Right: This is your brain on drugs (LSD). Left: This is your brain not on drugs.
Josh heard all the buzz about Silicon Valley coders and young entrepreneurs who took tiny doses of LSD to boost productivity and spark creativity. But the 32-year-old was drawn to the psychedelic drug for another reason: the possibility that it could lift the fog of his depression, if only temporarily.
Josh, who asked to withhold his last name due to the illegal nature of microdosing, said he turned to Reddit for answers.
The website was filled with tips and testimonials of people who tried around 10 micrograms of LSD — an illegal narcotic — and had either positive experiences, found it didn’t work, or reported mild side effects. Although there are risks, nobody said they had wild or dangerous hallucinations, which are common with larger doses of mind-altering chemicals.
"I’ve been living with depression and anxiety for about half my life now," Josh said. "The fact that this was only a minute amount of [LSD], it seemed like a good way of trying something out."
Josh said it wasn’t too hard to secure liquid LSD from "a friend of a friend" in his New England town. He’s microdosed five times since March, in addition to taking his regular anti-depressants.
"I start most days off in a low mood," he said. But with microdosing, "It felt like I’d had a really, really good cup of coffee, without my heart beating and the crash later." The tiny amounts of LSD gave him momentum. "I sat up and felt like, ‘I should do something right now,’ and I had the energy to go and do it," he said.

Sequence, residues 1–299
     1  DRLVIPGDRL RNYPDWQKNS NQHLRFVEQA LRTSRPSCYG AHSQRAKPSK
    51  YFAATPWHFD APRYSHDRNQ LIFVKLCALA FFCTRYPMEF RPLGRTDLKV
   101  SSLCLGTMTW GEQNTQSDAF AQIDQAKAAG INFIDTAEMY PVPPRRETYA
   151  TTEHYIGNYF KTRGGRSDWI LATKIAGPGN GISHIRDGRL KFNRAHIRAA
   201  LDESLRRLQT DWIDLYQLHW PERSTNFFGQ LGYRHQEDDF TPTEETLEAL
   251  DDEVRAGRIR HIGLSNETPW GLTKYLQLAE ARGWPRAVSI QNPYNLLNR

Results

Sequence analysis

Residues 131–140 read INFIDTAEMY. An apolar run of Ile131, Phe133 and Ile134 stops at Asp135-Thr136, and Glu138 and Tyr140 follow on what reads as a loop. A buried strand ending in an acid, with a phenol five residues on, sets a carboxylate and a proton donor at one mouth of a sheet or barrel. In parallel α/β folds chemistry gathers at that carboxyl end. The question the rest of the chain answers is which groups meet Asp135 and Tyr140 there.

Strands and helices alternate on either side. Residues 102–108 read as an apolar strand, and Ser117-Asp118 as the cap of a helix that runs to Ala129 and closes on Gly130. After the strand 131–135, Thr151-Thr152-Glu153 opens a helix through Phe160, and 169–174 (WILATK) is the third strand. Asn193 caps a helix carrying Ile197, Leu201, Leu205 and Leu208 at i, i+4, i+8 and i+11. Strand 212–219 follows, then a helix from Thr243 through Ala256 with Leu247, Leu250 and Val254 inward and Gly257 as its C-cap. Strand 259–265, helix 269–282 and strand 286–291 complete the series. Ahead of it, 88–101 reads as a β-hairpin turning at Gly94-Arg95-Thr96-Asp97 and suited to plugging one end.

"I sat up and felt like, ‘I should do something right now,’ and I had the energy to go and do it," he said.
After decades underground, illegal psychedelics like LSD are steadily slipping into mainstream culture as stigma fades, and early evidence suggests they might offer more than just a recreational escape.
Two concurrent studies at New York University and Johns Hopkins University found that psilocybin — a key compound in hallucinogenic mushrooms — can help ease existential depression in people with life-threatening cancer, specifically when taken in a controlled setting and combined with therapy.
Last fall, the U.S. Food and Drug Administration said researchers could move forward with a large-scale clinical trial for ecstasy-related therapy with patients suffering from post-traumatic stress disorder, or PTSD.
Yet scientists haven’t formally explored the purported benefits of microdosing with LSD. All reporting to date is purely anecdotal, speculative, and subjective.
However, that may be about to change.
On Tuesday, the crowdfunding organization Fundamental launched a new campaign to support the first scientific study of microdosing with LSD.